February Meetup 2014hosted by Tobias Pfeiffer by Votum (www.votum.de), 06.02.2014 at 19:30
Let's meet to hear about Ruby and related technologies!
There are several approaches to managing external frontend libraries with the Rails asset pipeline. The talk would first go through the most popular (vendoring, _-rails gems, bower) and show a relatively new one: Rails Assets.
Rails Assets automatically converts bower packages into rubygems, and serves them in a bundler compatible way.
This can also be shortened into a lightning talk.
How do you find your first open source project and what you might want to know before starting to work on issues. I recently started contributing to open source projects and want to encourage others to do so as well.
During the development of our internal hadoop reporting engine we encounter with the need of an easy to deal with scheduler, so we ask for help to our beloved Ruby friends. In this talk we aim to show, and discuss, how easy is to create a simple hadoop scheduler thanks to JRuby, Sinatra, Neo4j and some other gems.
Time (aprox): 20 minutes -/+ 5 minutes for questions.
- Written and directed by: Pere Urbon-Bayes and Achim Friedland.
- Producers: Belectric IT Solution Gmbh.
- Ruby as The programing language.
- JRuby as The virtual machine.
- Sinatra as The web framework.
- Hadoop as The data processing framework.
- PIG as The scripting language.
- Design effects:
- Apache PDFBox as The PDF craftsman.
- JFreeChart as The Charting director. ---
Theoretically, testing is pretty easy. Prepare some data, perform some operations on it, check the result. This description often doesn't paint the full picture. For instance, how do you test:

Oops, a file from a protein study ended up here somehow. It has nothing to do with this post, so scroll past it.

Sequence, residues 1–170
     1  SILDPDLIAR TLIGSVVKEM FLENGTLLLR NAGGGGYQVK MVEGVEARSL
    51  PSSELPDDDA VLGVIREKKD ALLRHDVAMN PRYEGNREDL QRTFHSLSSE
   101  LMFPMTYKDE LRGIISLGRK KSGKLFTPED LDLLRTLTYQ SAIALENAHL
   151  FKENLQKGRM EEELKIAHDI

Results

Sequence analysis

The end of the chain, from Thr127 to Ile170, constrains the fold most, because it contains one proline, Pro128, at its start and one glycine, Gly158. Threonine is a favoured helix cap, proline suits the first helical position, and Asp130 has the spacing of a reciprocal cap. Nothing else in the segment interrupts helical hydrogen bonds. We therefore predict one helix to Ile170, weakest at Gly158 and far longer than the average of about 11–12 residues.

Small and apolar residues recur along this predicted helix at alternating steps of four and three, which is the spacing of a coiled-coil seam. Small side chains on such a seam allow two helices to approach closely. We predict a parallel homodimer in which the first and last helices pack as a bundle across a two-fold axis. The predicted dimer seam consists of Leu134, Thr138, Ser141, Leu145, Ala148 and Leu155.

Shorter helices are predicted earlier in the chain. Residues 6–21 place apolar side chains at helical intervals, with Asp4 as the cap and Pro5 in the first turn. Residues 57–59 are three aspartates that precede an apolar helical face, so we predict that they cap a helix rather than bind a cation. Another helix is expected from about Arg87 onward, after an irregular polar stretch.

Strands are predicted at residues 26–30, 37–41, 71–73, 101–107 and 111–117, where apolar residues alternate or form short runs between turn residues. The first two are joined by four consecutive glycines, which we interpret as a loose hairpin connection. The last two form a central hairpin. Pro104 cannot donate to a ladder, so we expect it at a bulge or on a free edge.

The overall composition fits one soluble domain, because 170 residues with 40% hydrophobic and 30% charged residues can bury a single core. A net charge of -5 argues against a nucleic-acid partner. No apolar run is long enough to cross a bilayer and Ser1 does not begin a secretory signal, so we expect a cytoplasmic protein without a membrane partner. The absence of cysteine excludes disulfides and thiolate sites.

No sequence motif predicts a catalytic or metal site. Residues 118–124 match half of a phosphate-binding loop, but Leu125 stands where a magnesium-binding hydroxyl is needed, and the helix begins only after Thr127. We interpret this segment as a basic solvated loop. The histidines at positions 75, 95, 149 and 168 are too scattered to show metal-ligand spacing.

- Deploy scripts, like a bunch of tasks you've built on top of capistrano?
- Networking code: sockets, asynchronous streams?
- Inter-process communication?
I don't have easy testing solutions for the above. There are options, but I think we can agree there's a category of programming problems that can be tricky to test. And I think it's common that, when faced with such problems, we're strongly inclined to avoid testing altogether.
So is it okay to skip tests in these cases? Or should we put effort into testing every little thing, even if it takes weeks to set up and ends up breaking randomly?
I'm going to give my thoughts on the matter, taking examples from spork, and from some of my own projects, like a Vimscript test runner and a tool that runs a rails command with music in the background. I'll also demonstrate how Vim plugins can be tested with rspec. These projects need more work than just setting up data and performing method calls, but once you've built a good toolkit, the specs flow quite nicely. Whether you should invest the time and energy is a question I'll try to address.